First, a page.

First-year trips play an important role in introducing new students to Dartmouth. “Trips” are a student-run, pre-orientation program that takes first-year students on a five-day outdoor experience (suitable for all skill levels and backgrounds) that facilitates interaction between upperclassmen and incoming students. The program is wildly popular, with more than 90% of incoming students participating.  




Dartmouth is a close-knit residential college community. Roughly 90% of students live on campus in Dartmouth housing, which includes residence halls, fraternities, and sorority houses. Dartmouth’s campus is also home to numerous living-learning communities: 


  • Arabic Language Program
  • Asian and Asian American LLC
  • Chinese Language House
  • Entrepreneurship LLC
  • Gender Equity Program Floor
  • Great Issues Scholars in Residence
  • Japanese Language Program
  • Interfaith Floor
  • La Casa
  • LALAC House
  • Native American House
  • Shabazz Center for Intellectual Inquiry
  • Thriving Through Transitions LLC
  • Triangle House


Financial Aid


Dartmouth practices need-blind admissions, which means that the financial circumstances of a student are not considered when making admissions decisions. Students from families with total incomes of $100,000 or less (and in possession of the typical assets) will receive scholarships that cover the cost of tuition and are not required to take out loans. The average student debt for four years at Dartmouth is $20,373.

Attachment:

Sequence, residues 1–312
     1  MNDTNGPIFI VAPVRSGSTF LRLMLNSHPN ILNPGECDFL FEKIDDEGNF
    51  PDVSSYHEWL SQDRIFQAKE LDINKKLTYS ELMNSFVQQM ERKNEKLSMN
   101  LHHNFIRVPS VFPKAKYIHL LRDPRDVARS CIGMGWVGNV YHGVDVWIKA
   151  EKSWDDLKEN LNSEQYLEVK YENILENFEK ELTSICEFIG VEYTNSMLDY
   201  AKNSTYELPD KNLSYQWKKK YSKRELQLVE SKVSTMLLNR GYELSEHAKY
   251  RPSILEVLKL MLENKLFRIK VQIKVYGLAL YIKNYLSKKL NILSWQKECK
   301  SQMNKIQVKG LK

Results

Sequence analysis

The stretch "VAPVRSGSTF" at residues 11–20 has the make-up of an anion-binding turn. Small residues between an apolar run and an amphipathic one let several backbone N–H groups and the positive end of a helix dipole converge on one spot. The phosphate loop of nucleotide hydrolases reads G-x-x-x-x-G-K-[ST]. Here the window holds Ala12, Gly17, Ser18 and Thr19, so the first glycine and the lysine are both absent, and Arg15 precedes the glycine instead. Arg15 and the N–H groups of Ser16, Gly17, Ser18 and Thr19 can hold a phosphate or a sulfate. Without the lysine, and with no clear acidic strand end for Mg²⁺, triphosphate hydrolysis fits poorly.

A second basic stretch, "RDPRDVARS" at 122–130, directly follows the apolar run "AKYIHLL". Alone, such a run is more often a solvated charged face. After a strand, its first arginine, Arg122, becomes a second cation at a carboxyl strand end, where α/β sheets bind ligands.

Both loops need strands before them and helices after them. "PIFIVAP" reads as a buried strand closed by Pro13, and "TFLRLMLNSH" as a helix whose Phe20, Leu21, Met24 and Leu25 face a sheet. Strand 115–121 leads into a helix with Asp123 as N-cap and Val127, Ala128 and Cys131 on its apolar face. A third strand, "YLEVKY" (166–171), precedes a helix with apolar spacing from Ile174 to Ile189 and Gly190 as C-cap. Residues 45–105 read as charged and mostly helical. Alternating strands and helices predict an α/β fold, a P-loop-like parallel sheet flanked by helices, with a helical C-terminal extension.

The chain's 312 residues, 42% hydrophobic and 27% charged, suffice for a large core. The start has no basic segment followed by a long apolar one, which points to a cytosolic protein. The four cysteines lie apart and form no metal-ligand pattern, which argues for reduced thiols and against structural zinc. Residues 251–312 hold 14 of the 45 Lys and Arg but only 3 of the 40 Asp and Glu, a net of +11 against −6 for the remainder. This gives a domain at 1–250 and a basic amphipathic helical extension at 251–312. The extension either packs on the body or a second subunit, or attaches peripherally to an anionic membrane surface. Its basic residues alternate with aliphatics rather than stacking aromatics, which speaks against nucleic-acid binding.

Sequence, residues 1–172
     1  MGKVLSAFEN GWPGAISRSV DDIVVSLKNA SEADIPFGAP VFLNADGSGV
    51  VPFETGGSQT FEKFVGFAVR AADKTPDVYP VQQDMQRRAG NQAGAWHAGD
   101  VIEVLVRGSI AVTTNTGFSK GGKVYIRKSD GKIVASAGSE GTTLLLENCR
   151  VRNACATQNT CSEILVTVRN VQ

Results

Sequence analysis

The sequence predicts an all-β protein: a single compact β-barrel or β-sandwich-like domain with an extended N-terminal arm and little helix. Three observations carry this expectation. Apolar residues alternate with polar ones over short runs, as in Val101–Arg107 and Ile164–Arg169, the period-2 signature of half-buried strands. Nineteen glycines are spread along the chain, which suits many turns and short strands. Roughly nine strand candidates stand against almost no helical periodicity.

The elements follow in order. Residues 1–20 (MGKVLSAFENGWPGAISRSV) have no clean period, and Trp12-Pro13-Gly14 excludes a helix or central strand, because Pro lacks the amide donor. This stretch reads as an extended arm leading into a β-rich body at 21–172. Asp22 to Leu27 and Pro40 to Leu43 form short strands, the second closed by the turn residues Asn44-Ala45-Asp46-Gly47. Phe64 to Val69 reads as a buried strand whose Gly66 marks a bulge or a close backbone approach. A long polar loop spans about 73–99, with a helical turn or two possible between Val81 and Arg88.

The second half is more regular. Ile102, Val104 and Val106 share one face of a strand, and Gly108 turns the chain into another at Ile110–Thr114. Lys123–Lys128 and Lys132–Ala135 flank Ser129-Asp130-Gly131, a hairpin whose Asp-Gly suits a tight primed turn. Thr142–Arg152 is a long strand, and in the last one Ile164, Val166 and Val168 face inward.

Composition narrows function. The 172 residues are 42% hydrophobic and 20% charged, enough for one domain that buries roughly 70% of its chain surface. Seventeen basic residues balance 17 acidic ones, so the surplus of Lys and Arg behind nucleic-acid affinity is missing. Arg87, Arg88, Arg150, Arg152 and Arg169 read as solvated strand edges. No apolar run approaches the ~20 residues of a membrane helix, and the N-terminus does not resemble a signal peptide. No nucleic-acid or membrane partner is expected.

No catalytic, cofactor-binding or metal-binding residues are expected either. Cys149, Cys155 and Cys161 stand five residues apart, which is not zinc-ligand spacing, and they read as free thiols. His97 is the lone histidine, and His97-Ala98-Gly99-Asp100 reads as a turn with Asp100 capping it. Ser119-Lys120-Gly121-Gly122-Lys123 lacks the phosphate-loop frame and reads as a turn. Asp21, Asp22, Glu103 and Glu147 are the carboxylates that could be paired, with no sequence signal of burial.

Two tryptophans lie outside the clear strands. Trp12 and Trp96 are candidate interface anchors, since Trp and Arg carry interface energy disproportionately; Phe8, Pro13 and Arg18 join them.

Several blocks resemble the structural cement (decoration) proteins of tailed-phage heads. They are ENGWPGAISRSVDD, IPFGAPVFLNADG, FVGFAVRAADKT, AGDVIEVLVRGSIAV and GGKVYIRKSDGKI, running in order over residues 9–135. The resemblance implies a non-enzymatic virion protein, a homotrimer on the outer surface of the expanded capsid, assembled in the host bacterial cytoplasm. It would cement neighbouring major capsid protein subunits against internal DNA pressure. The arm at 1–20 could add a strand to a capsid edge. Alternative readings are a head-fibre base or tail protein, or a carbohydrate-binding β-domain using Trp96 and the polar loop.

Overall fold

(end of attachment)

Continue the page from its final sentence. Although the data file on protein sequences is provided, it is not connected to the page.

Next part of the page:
Dartmouth has a variety of excellent resources available to their students. The school is classified by the Carnegie Foundation as having “very high research activity,” making it one of just 131 schools in the country to receive the honor. The school has a strong commitment to combining world-class academics with cutting-edge research. 




Dartmouth’s home in Hanover, New Hampshire, offers a relatively rural experience when compared to other Ivies. Hanover is about two hours from Boston, one-and-a-half hours to Burlington, Vermont, and five hours from New York City. 

What Are Your Chances of Acceptance at Dartmouth?


Prestigious schools like Dartmouth receive applications at a substantially higher rate than they admit students—they received more than 20,000 in 2020 and accepted fewer than 2,000 students. To streamline the admissions process, highly selective colleges use the Academic Index to weed out candidates with weaker academic profiles. The Academic Index is a single number that represents the strength of your grades and standardized test scores.  If your academics aren’t strong enough to clear Dartmouth’s threshold, there is a likelihood your application won’t get viewed in its entirety. 


One way to see how you stack up against admissions standards is with CollegeVine’s free chancing calculator. Our chancing engine uses data points like GPA and standardized test scores, along with other factors like extracurricular activities, to calculate your odds of acceptance at Dartmouth and hundreds of other colleges. In addition to your chances, it provides valuable insight into how to improve your profile.


Short Bio
A graduate of Northeastern University with a degree in English, Tim Peck currently lives in Concord, New Hampshire, where he balances a freelance writing career with the needs of his two Australian Shepherds to play outside.